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Merging Actual vs Forecast Data In Excel

 

"One of the biggest challenges in updating an Excel-based budget is the "dovetail" between actual and forecast data over time. Suggestions?"

This question was asked at a recent webinar, now available on-demand:

"Budgeting in Excel"

Please add your thoughts about it below. Thanks!

Answers

Simon Turner
Title: Vice President, Finance
Company: International Finance and Operations Exe..
LinkedIn Profile
(Vice President, Finance, International Finance and Operations Executive) |

Depending on the size of the data you are dealing with, build three tables or worksheets. One will contain your actual data, the second your forecast data and the third will present the data to the user. You can use a drop down menu (Data, Data Validation, Allow List and reference two cells with Actual and Forecast in them) for each column so that you can select either Actual or forecast. In the cells you can then use a formula that will go to the table or worksheet, depending on the value selected.

Topic Expert
Charley Kyd
Title: Founder
Company: ExcelUser
(Founder, ExcelUser) |

Assuming you've budgeted at the GL account level, set up a budget table and an actual table, each with Month, Account, and Amount. Then, next to a column of GL account numbers, use the SUMIFS function to return a column of actual amounts by account for a specific date. And then do the same for a column of budget amounts.

Michael Stimson
Title: Director
Company: GIDE International Limited
(Director , GIDE International Limited) |

Any spreadsheet solution for this is risky, slow and prone to errors.
Use a modern, in-memory calculation tool that;
- enables fast integration to financial and operational systems,
- provides a collaborative approach so that users and stakeholders can adjust any future data
- provides rolling forecasting, and for more than only 12 months
- runs quickly and safely and can be interrogated and analysed.
- And all for a reasonable price, with rapid implementation.

Rudy Fischer
Title: Partner
Company: RKFischer & Associates
(Partner, RKFischer & Associates) |

You could create three sheets 'act', 'bud' & 'fcst'. The 3 sheets must be identical in structure. I usually create one, then copy sheet twice. In the 'fcst' sheet you use "If" statements to determine which of the other two sheet you will pull data from. If data exists in the 'act' sheet, them pull from it, if not, then pull from 'bud' sheet. That way you always get a full sheet of act/bud data.

Bob Low
Title: Principal
Company: Perron & Low
(Principal, Perron & Low) |

The scenario I'm used to is having a forecast model for the year (or further) and then need to update monthly actuals as they become available. Export your TB to Excel and add a column showing what line in your forecast model you want each account to roll up into. Then use a sumif (or sumifs) in the forecast to pick up the actuals. Repeat each month adding the new month's actuals to the same sheet so you can reuse the logic.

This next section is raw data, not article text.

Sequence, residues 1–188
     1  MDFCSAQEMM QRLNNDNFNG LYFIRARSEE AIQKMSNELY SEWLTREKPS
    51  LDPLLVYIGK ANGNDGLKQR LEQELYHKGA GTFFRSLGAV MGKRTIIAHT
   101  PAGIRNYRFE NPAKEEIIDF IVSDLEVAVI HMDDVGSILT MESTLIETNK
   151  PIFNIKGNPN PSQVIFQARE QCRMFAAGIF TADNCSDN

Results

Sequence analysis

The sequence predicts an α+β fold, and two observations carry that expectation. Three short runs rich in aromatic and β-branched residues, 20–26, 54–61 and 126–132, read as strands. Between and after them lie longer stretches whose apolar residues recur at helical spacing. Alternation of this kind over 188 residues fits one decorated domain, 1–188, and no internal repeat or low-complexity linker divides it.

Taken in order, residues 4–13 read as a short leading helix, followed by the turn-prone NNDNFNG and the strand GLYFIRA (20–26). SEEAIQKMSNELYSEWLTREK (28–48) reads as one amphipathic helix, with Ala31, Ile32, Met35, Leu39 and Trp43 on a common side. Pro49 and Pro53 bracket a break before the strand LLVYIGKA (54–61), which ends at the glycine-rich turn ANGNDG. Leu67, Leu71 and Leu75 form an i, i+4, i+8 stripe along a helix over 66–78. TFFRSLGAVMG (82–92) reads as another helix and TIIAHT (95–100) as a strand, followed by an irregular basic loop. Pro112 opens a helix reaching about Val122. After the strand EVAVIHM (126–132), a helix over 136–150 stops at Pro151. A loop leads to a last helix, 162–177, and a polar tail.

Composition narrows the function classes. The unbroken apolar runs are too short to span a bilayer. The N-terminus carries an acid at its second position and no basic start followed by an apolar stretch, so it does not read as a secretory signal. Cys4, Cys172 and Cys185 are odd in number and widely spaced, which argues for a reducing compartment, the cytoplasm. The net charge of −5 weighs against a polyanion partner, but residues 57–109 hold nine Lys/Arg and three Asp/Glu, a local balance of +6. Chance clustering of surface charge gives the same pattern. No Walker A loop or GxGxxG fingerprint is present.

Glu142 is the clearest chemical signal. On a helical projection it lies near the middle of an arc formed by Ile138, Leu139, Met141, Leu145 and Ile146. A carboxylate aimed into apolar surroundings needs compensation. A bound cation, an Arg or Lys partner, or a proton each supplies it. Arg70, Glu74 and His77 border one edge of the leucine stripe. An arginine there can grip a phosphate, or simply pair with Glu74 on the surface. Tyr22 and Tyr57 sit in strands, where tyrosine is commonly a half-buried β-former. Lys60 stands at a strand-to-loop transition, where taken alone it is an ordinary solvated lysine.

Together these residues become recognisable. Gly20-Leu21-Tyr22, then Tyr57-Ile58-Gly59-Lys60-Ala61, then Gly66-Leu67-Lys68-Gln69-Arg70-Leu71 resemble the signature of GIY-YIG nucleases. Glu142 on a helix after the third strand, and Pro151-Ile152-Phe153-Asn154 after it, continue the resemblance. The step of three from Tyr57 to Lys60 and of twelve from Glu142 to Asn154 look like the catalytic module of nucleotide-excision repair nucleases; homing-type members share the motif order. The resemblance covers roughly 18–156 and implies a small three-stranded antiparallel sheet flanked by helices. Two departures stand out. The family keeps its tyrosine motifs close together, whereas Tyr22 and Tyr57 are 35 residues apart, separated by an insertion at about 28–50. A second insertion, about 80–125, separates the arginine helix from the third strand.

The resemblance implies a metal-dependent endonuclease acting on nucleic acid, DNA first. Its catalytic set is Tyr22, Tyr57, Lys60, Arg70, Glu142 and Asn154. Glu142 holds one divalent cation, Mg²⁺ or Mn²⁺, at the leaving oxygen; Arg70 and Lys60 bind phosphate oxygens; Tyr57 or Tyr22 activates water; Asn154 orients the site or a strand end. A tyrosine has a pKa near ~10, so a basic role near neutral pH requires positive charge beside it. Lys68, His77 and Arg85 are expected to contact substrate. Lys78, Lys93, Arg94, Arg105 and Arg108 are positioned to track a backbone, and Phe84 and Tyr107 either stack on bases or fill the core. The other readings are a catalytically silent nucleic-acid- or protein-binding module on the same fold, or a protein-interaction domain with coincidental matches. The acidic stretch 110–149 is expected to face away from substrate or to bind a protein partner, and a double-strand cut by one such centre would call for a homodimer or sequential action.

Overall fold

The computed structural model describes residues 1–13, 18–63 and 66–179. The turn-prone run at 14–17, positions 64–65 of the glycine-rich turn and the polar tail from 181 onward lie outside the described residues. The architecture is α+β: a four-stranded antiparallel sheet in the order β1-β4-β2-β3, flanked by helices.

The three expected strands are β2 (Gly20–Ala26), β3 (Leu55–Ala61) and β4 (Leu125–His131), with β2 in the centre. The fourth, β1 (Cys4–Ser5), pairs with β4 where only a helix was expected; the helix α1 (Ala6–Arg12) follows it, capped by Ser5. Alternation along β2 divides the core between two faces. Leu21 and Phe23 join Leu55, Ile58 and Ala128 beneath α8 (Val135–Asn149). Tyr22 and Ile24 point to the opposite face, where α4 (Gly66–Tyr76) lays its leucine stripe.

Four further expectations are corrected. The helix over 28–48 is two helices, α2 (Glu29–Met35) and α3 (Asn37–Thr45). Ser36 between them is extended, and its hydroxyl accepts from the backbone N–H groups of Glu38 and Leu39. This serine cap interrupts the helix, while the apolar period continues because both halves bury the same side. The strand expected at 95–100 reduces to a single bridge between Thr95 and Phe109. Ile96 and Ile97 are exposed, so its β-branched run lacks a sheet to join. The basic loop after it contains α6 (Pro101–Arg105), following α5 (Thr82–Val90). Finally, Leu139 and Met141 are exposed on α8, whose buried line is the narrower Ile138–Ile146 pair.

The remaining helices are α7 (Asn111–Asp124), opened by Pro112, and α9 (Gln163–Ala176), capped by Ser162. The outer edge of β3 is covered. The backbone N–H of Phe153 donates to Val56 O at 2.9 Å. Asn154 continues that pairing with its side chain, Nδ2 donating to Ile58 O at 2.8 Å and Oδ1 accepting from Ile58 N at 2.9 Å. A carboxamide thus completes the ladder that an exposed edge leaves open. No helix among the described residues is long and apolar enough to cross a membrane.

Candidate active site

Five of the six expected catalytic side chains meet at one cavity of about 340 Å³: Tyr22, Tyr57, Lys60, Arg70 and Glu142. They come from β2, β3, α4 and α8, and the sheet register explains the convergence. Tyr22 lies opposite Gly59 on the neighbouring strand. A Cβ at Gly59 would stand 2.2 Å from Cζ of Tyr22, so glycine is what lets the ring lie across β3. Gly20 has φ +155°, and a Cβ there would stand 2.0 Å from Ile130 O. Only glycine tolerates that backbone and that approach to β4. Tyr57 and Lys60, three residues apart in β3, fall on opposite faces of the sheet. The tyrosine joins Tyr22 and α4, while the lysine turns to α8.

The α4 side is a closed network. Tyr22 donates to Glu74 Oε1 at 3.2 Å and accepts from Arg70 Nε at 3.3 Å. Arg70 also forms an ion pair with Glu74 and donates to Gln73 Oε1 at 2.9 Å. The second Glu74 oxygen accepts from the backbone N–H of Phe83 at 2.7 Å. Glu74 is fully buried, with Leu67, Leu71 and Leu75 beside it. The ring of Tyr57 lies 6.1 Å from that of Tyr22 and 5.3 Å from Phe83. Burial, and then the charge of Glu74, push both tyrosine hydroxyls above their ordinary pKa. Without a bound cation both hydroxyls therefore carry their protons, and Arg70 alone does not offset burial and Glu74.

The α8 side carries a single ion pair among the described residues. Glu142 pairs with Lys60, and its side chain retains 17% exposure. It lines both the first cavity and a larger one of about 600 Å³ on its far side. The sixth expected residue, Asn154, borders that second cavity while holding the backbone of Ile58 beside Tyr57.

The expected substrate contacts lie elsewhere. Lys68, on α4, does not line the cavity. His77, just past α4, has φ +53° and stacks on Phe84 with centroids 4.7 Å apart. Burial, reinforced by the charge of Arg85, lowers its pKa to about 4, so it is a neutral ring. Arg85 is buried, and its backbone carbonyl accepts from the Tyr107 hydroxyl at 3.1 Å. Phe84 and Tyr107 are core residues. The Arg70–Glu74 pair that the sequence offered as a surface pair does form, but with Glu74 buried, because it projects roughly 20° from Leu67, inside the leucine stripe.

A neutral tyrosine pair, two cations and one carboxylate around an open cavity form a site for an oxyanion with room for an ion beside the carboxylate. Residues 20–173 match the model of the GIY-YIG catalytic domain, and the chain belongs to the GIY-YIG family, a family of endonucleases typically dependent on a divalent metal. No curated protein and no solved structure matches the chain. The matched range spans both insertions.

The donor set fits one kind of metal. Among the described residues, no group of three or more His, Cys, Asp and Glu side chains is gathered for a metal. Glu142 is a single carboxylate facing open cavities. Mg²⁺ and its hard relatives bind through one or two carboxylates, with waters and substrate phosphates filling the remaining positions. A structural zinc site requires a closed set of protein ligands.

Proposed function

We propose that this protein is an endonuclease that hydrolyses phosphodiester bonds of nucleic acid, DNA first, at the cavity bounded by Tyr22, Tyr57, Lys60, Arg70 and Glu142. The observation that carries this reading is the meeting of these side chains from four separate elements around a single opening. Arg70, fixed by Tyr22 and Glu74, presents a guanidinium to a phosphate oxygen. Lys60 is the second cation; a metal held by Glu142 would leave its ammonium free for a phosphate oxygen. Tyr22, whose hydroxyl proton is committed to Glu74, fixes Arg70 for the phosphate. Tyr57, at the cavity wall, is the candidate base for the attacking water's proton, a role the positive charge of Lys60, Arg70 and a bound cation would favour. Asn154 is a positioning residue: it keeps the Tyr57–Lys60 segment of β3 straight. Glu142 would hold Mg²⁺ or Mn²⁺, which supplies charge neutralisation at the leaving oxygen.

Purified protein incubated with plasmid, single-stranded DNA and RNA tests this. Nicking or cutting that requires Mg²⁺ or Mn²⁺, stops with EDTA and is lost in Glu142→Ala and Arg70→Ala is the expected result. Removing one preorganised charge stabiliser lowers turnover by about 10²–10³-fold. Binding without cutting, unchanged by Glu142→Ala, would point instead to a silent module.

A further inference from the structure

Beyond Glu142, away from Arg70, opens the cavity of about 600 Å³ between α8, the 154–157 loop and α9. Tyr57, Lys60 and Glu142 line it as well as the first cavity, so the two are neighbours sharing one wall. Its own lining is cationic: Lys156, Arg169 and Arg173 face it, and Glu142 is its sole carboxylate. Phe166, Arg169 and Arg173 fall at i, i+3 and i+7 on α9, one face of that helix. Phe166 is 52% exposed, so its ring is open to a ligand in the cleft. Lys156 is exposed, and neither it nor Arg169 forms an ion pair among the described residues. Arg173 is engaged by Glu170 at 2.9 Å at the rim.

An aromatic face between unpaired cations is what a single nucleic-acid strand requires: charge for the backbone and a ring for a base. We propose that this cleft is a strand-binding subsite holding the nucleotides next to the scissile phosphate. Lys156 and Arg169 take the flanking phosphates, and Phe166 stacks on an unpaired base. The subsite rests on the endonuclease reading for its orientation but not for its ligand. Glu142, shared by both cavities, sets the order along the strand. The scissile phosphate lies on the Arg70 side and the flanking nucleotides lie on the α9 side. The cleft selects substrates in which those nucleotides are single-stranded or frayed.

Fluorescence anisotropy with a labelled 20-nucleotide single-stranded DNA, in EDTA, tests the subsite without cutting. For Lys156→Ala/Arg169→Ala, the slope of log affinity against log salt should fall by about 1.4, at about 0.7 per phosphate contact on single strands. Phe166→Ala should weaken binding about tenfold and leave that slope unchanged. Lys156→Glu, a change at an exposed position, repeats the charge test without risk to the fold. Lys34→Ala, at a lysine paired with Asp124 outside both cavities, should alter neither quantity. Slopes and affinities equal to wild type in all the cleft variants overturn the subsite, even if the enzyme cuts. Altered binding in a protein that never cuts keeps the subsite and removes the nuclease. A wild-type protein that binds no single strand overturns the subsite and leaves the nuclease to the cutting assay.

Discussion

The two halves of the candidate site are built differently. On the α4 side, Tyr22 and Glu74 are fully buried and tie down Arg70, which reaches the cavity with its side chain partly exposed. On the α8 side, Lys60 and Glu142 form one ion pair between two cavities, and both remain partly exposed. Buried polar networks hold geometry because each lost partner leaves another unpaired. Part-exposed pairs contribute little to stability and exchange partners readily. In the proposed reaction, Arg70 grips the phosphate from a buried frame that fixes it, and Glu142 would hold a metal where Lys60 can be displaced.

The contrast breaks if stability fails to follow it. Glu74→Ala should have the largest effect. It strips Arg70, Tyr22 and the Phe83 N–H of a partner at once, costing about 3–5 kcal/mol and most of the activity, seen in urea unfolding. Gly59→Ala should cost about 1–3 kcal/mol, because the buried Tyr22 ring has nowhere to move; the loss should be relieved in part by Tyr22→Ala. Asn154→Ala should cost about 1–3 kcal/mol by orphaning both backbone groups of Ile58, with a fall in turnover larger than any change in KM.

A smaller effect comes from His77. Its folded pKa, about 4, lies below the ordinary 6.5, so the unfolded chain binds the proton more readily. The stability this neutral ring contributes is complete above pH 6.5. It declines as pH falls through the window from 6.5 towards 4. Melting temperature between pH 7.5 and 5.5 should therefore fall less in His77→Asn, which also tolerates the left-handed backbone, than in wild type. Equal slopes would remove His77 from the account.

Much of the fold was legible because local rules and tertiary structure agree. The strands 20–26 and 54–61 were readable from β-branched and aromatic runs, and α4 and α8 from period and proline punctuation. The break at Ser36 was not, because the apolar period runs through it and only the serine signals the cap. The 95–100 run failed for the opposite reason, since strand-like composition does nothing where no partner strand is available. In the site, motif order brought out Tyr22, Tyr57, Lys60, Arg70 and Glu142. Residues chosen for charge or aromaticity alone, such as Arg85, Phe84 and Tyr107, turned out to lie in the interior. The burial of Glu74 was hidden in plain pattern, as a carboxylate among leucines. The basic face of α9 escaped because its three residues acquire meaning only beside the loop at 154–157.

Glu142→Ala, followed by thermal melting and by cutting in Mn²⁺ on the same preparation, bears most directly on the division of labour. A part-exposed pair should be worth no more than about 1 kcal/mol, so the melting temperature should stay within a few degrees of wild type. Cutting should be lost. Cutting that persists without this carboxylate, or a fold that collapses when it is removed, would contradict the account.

Sajan Sadhwani, CPA CMA
Title: C2C Specialist
Company: Ernst & Young
(C2C Specialist, Ernst & Young) |

Been there done that. This is not a fun task. You should speak to the stakeholders/users to see what their needs are. In addition to the 3, budget, actual and forecast, you'll also need variances to each. If there are too many columns/numbers the users won't look at the reports and/or become confused. Its worse than not having reports.

At the start of the FY, forecast isn't very important, actual/budget are the key. By FYE, its usually flipped and the focus is on next year's budgets.

As has been pointed out you could have different data sheets and then pull information. I've done this and its worked. The challenge is that some people only want to see summaries, some want GL level detail. This is why you need to speak to your stakeholders to find out what they want first so that you don't over/under design something.

Topic Expert
Jaime Campbell
Title: Chief Financial Officer
Company: Tier One Services, LLC
(Chief Financial Officer, Tier One Services, LLC) |

I do something similar to Simon's suggestion and Charley's suggestion.

My BvA report contains two selectors, one with a month and one with a YTD toggle.

The client selects the desired month as well as whether the BvA report should be only for that month or since January.

The Budget and Actual figures on that page update instantly an the Variance column just subtracts the two.

The two underlying reports are monthly.
The formulas on the BvA page depend on what month it is and what the YTD toggle says.

As a bonus, the reports header is also linked to those two selectors, so it will automatically say "July 2015" or "For the 7 Months Ended July 2015" accordingly.

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